Getting the most out of your gun dog-Part 3 How to approach the first hunting season

  • 16/06/2020
  • Richie Cosgrove

Getting the most out of your gun dog-Part  3 How to approach the first hunting season

So now your pup is six months old, the game bird season is only a month off and you’re keen to get into it.

Your pup is retrieving dummies to hand from 50 or more metres away, is walking at heel off the lead, sitting and staying on command and gets excited whenever you produce a gun.

You’ve carefully introduced her to retrieving dummies off and over water and she loves it, even if she hasn’t quite mastered the dog-paddle.

Brilliant, you’ve obviously been putting time into her training.

You should, by now, have introduced her to retrieving feathers.

Dead pigeons are useful for this. You might be able to get some cull birds from a pigeon breeder, or your nearest gundog club might supply you with several for a small charge.

P1000868 2 1This is a critical time, mouthing (chewing or crushing) game is a serious fault, so introduce birds gradually, without too much excitement.

Don’t overdo the birds and never let your dog play with them.

In these short articles it’s impossible for me to explain in detail how to fully train your pup.

There’s a lot of information available online about training gundogs and I suggest you spend some time checking this out.

Several professional trainers have useful websites. Mike Lardy and Bill Hillman are a couple and you can purchase training manuals off The Gundog Club UK’s website, which are very good value.

You will, however, need to sort out the things which are relevant to the type of hunting you intend to do.

You should also consider joining your local gundog club, even if you don’t intend to get involved in gundog trialing competitively.

The club may run regular training days, or you could team up with one of the experienced members for mutually beneficial training sessions.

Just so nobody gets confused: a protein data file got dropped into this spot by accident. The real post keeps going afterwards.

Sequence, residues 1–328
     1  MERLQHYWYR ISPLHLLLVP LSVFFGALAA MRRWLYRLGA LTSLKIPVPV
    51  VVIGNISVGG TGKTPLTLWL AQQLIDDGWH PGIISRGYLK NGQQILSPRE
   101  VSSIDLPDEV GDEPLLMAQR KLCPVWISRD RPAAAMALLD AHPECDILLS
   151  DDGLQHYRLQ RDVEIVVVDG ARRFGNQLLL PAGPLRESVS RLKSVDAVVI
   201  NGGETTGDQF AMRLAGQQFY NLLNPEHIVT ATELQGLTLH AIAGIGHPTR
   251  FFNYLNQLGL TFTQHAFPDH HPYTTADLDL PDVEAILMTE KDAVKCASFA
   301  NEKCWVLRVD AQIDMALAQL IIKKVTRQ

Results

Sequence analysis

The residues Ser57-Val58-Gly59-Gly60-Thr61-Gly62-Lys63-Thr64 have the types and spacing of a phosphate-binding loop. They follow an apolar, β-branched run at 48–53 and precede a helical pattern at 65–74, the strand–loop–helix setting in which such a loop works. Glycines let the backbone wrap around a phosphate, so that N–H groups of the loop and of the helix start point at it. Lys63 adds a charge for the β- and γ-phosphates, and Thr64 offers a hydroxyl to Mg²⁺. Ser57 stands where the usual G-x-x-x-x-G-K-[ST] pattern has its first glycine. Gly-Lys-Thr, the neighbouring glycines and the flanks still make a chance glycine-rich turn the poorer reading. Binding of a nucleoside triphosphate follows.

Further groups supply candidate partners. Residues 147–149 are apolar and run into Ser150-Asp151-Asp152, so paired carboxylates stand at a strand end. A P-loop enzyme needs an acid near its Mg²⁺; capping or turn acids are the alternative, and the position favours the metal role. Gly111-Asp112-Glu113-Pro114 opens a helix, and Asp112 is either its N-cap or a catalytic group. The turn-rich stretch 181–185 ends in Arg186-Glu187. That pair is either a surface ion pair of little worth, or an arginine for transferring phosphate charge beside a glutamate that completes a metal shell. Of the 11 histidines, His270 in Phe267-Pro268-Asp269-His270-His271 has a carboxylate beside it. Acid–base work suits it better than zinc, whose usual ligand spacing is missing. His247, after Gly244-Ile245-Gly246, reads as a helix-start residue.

Training on your own can be difficult, so you’d both find having someone to train with helpful.

A problem which people often create with gundogs involves a fundamental part of hunting and that’s gun-shyness.

Gun-shyness is easy to cause and very difficult to correct. I get more phone calls about gun-shy dogs than anything else.

I gradually introduce my pups to guns using shotgun cases loaded with a primer.

I start by letting them play some distance away with an older dog, then fire a shot in the opposite direction.

Your pup should only take a passing interest. Make a fuss of her.

Do this several times and, if it continues to go well, gradually, over time, reduce the distance between her and yourself.

Later, you should be able to throw her a dummy and fire a shot at the same time.  Don’t be in too big a hurry to do this though.

A controversial tool in gundog training is the electric collar (e-collar).

Some trainers use them extensively, others are opposed to their use, preferring instead a praise and reward system.

If you do choose to use an e-collar make sure you know how to do so properly.

Seek qualified advice before starting, otherwise you might do more harm than good.

Don’t expect too much from your pup during the first hunting season, but don’t leave her at home.

Let her be part of the action. You’ll almost certainly have to tie her in your maimai, as she’s bound to get excited and forget most of your steadiness training.

Encourage her to retrieve any handy birds, getting out to help her if you need to. The odd bird missed because you’re busy with the pup will be well worthwhile in the long term.

As the season progresses and her confidence grows, she’ll start retrieving birds which you might otherwise have lost.

Next month I’ll write about advancing your training through the first couple of seasons.

John Stevens, President, Waimate Gundog Club.








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